There are now 71 GOP members of the Texas House signed onto the letter. The 5 that haven’t signed are Straus (Speaker, wasn’t asked), T. Smith and D. Bonnen (On the committee, staying out of the fray – for now), Merritt and D. Jones (voted against it last session). It’s not surprising that most have jumped on board, why wouldn’t they? Only bad could come from not having their name on this, no matter what the final bill has in it and how they vote on it.
From SCOTUS today preclearance, Section 5 of the Voting Right Act of 1965 may be in trouble, Court Reveals Customary Divide In Wrestling With Anti-Bias Law. Here’s key quote from today Justice Anthony M. Kennedy:
“The Congress has made a finding that the sovereignty of Georgia is less than the sovereign dignity of Ohio. The sovereignty of Alabama is less than the sovereign dignity of Michigan,” Kennedy said, referring to Congress’s 2006 reauthorization of the act.
That was always the case, but it was done because election law was being intentionally written to exclude. That’s why this excerpt from NPR caught my ear today, Voting Rights Act Faces New Challenge.
Voting Rights Act supporters say the law is still needed. They note, for example, that in many places with long histories of discrimination, voting is still polarized along racial lines. In Alabama and Mississippi, fewer than 11 percent of white voters supported Barack Obama.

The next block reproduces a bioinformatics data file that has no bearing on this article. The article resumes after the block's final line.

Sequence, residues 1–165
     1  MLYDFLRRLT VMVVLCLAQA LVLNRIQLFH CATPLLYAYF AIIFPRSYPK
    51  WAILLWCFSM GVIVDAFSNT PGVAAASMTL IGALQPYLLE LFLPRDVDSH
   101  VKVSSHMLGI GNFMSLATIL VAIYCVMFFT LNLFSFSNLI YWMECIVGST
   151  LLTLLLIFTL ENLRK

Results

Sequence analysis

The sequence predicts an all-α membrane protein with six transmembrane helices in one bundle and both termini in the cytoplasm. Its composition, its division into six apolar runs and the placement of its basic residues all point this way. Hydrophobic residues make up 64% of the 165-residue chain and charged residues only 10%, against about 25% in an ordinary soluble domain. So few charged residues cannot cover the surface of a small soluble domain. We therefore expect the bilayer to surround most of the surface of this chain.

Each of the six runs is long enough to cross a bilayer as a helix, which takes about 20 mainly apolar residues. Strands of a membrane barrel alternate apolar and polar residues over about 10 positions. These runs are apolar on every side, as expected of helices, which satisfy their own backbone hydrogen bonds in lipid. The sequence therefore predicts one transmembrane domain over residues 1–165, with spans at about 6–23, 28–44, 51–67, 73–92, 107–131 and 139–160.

Stanford law professor Pam Karlan says, “Saying ‘Let’s get rid of the Voting Rights Act’ is a little bit like saying ‘The doctor put some stitches in so you’re not bleeding anymore, let’s just rip the stitches out.’”
Nonsense, says Coleman, who notes that the Justice Department blocked voting changes in less than 1 percent of the places that sought pre-clearance.
“[You] have such a minuscule rate of objections that the declaration that state and local officials are presumptively not to be trusted in this area simply cannot be borne out,” he says.
But supporters of the Voting Rights Act reply that the whole point of the pre-clearance provision is to prevent attempts to discriminate. They pointed to hundreds of examples — more than 100 in Texas alone — in which the pre-clearance provision prevented elaborate schemes to suppress minority voting.
In one county they cite, it took decades for students at the historically black college there to win the right to vote. Then in 2004, county commissioners — aware that students would be on break during the primary election — voted to reduce early voting dramatically. The county abandoned this effort only after the NAACP complained to the Justice Department to see if the provision had been pre-cleared.
John Payton of the NAACP Legal Defense Fund says that without pre-clearance, the door would be opened for such schemes.
“Not only would we see all of these hundreds of proposed changes come into existence, we’d see others come out of the woodwork that would in fact infect and pervert our democracy,” he says.
While preclearance process doesn’t reject many new laws, lawmakers knowing that whatever election law they pass will have to go through preclearance forces them to make that law as inclusive as they can. Therefore preclearnace is still having it’s desired effect on election law. SCOTUS blog and Election Law blog have more.